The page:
Stormy Weather

1943

Stormy Weather

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Movie Info

Built around the premise of a Big Stage Show, Stormy Weather affords rare "mainstream" leading roles to some of the era's greatest African-American entertainers Lena Horne, Bill "Bojangles" Robinson, Dooley Wilson, Cab Calloway, Katherine Dunham, Fats Waller, and the Nicholas Brothers. The thinnish plotline -- dancer Robinson has an on-again-off-again romance with Horne -- is simply an excuse for lively, well-staged performances. Of the fourteen musical numbers, the most memorable is Lena Horne's rendition of the title song, artfully staged by director Andrew L. Stone. Keep an eye out for uncredited contributions by jazz greats Zutty Hamilton, Coleman Hawkins and Taps Miller. ~ Hal Erickson, Rovi

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Critic Reviews for Stormy Weather

All Critics (4) | Fresh (4)

Audience Reviews for Stormy Weather

  • Feb 01, 2017
    This film is full of joy and a real celebration of African-American entertainment in 1943. The premise is that Bill 'Bojangles' Robinson is looking back on a life in entertainment, and as he reminisces, we see one brilliant performance after another from a galaxy of stars. There's Robinson himself, of course, who at age 65 dances infectiously throughout the movie, but my favorites were his 'sand dance' on a riverboat, and his tap dancing on giant bongos. I loved seeing Fats Waller performing 'That Ain't Right' with Ada Brown, and then 'Ain't Misbehaving', his eyebrows all a-twitter. There's Lena Horne singing the title song, 'Stormy Weather' with a great segue to an imagined scene out the window which featured the stylish and sultry dancing of Katherine Dunham and her troupe (which reminded me of the Gene Kelly/Cyd Charisse number 12 years later in 'Singin' in the Rain'). The high-octane Cab Calloway and his orchestra play 'Jumpin' Jive', which included an amazing dance sequence by the Nicholas Brothers, who leap high and land in so many splits you wonder how their bodies can possibly take it. And those are just the highlights - this film is jam packed in its 78 minutes, with numbers that demonstrate stunning creativity and musicality. There are a few stereotypes which sneak in, including comedians in blackface, but those elements are small, and the spirit of the movie soars. It may have less plot development, less nuance in its characters, and less polish than white musicals at the time, and could be rightly criticized as reducing its African-American stars to 'just entertainers'. On the other hand, this was the state of America at the time, the movie represents a step forward, and I was very happy for what I did see, instead of disheartened for what I did not. Perhaps thought of another way, the entertainers' performances are so brilliant they transcend the narrow framework they're placed in, exploding off the screen. How sad it is that Fats Waller would die just a few months after its release, and that this would be Robinson's last film, but how wonderful that all of these performances were captured in this beautiful little movie.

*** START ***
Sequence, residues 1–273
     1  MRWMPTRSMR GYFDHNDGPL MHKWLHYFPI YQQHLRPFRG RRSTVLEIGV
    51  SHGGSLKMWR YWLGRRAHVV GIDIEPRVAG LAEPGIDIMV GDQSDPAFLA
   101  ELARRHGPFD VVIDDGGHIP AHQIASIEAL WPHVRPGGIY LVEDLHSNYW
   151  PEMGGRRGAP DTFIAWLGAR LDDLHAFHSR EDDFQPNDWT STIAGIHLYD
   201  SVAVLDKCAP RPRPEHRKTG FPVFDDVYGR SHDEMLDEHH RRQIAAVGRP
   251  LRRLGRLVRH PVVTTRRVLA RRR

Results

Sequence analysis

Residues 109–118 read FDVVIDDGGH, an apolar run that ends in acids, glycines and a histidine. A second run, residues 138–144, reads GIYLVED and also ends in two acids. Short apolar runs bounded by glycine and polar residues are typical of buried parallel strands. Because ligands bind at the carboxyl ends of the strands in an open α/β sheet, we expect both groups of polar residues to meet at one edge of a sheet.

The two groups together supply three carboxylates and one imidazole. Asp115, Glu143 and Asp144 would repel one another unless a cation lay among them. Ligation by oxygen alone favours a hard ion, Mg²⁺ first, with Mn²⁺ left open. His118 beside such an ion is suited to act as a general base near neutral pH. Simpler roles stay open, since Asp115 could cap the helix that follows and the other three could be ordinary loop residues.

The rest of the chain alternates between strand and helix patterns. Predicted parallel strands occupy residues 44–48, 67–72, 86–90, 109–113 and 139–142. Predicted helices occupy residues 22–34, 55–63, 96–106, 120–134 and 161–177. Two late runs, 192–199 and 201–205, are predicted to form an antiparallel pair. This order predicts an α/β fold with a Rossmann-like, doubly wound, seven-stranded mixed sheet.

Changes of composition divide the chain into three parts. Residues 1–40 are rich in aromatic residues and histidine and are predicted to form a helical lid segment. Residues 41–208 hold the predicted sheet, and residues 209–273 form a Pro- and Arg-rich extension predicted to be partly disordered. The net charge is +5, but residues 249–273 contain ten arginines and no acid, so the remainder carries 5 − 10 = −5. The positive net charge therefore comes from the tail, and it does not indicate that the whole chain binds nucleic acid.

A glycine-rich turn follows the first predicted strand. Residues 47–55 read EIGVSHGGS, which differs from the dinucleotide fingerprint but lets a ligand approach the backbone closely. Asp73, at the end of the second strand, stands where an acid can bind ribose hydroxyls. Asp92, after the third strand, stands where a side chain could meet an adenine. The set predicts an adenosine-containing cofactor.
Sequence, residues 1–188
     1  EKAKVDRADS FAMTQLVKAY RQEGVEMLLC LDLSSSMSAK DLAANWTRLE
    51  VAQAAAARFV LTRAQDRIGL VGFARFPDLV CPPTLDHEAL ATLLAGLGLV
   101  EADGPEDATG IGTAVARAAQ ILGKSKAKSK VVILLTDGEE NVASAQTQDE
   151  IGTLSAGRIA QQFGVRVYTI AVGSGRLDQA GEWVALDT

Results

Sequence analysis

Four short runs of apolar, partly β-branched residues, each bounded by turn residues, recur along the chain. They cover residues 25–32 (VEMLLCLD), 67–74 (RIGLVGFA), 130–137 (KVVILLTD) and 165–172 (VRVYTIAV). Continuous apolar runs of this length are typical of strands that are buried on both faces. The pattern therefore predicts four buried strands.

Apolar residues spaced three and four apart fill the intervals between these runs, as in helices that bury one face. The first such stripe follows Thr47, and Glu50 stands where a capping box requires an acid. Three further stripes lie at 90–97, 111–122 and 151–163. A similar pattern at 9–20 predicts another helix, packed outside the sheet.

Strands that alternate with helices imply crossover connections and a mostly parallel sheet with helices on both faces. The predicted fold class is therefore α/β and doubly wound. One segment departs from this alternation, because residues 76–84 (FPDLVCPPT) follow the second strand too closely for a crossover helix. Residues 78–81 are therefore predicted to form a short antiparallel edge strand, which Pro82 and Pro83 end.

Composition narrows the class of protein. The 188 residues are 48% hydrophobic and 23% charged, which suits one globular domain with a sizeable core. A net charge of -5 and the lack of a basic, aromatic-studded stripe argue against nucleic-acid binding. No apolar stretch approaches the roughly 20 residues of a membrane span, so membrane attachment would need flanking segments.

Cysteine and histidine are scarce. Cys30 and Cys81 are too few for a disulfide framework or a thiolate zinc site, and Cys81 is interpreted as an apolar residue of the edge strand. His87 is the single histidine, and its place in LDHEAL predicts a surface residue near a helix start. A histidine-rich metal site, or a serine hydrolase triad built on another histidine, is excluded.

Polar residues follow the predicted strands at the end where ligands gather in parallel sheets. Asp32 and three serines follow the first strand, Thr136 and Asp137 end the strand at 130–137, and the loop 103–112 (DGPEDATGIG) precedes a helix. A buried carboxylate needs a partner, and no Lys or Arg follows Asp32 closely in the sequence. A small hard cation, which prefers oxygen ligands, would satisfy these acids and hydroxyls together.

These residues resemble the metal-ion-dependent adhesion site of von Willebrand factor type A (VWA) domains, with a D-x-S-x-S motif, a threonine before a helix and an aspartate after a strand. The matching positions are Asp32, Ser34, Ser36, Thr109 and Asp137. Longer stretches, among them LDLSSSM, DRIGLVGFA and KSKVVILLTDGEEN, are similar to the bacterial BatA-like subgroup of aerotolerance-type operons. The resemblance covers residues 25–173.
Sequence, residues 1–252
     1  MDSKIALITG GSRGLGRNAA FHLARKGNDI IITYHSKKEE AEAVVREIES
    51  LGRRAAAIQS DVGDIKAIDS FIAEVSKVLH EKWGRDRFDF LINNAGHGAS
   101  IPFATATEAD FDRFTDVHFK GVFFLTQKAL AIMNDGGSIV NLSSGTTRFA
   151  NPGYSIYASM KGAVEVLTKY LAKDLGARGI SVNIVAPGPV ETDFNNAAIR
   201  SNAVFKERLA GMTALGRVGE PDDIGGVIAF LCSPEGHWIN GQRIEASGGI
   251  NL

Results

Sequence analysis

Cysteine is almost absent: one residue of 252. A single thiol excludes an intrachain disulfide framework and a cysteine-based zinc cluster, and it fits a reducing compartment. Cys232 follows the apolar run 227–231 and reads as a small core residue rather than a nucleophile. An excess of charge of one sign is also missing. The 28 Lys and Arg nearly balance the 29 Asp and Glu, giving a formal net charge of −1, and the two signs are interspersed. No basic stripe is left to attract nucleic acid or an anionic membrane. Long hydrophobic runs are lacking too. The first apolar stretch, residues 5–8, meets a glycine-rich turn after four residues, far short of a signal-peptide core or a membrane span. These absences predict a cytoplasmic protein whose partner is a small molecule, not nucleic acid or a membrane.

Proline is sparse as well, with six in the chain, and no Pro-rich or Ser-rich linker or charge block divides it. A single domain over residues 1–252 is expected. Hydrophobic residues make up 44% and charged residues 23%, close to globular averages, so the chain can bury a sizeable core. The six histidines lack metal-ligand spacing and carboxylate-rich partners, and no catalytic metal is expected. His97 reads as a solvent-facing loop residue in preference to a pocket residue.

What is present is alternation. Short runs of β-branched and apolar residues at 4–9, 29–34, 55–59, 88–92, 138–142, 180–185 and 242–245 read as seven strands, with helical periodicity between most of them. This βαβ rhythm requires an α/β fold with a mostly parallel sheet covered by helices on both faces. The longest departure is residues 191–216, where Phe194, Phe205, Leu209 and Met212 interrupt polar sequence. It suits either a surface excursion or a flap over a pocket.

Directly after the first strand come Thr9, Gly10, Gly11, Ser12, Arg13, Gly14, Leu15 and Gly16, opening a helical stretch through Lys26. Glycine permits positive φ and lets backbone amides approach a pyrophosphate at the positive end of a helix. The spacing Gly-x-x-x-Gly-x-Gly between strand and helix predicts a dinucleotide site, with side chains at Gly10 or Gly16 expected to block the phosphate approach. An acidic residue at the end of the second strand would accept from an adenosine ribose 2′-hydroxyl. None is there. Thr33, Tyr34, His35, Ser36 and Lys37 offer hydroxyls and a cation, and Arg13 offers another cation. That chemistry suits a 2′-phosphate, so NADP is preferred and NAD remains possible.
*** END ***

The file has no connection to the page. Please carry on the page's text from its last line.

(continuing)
Antonius B Super Reviewer
  • Jul 12, 2012
    while it's certainly a white fantasy of black life in 1943 (where racism didn't exist) it stars many of the greatest entertainers of the 30s and 40s. bill robinson was already 65 when this was made; lena horne was an up and coming 26. of course their relationship was completely desexualized and the plot was just an excuse for musical numbers anyway. but it's hard to beat fats waller, cab calloway in a zoot suit and the fabulous nicholas brothers.
    Stella D Super Reviewer
  • Sep 05, 2010
    This movie has a good story, but I didn't like how it ended. Most of the movie is singing, anyway. Overall, it's okay.
    Aj V Super Reviewer
  • May 18, 2010
    I've seen a lot of dance movies, but I have got to say that the end routine in this film just blows them all out of the water. It's phenomenal! The story here is pretty thin, but since when does anyone watch a musical for story? As blasphemous as this may be, it's a pity they didn't film in Technicolor. It would have popped fantastically. Still, entertainment in one of it's purest forms.
    Jennifer D Super Reviewer

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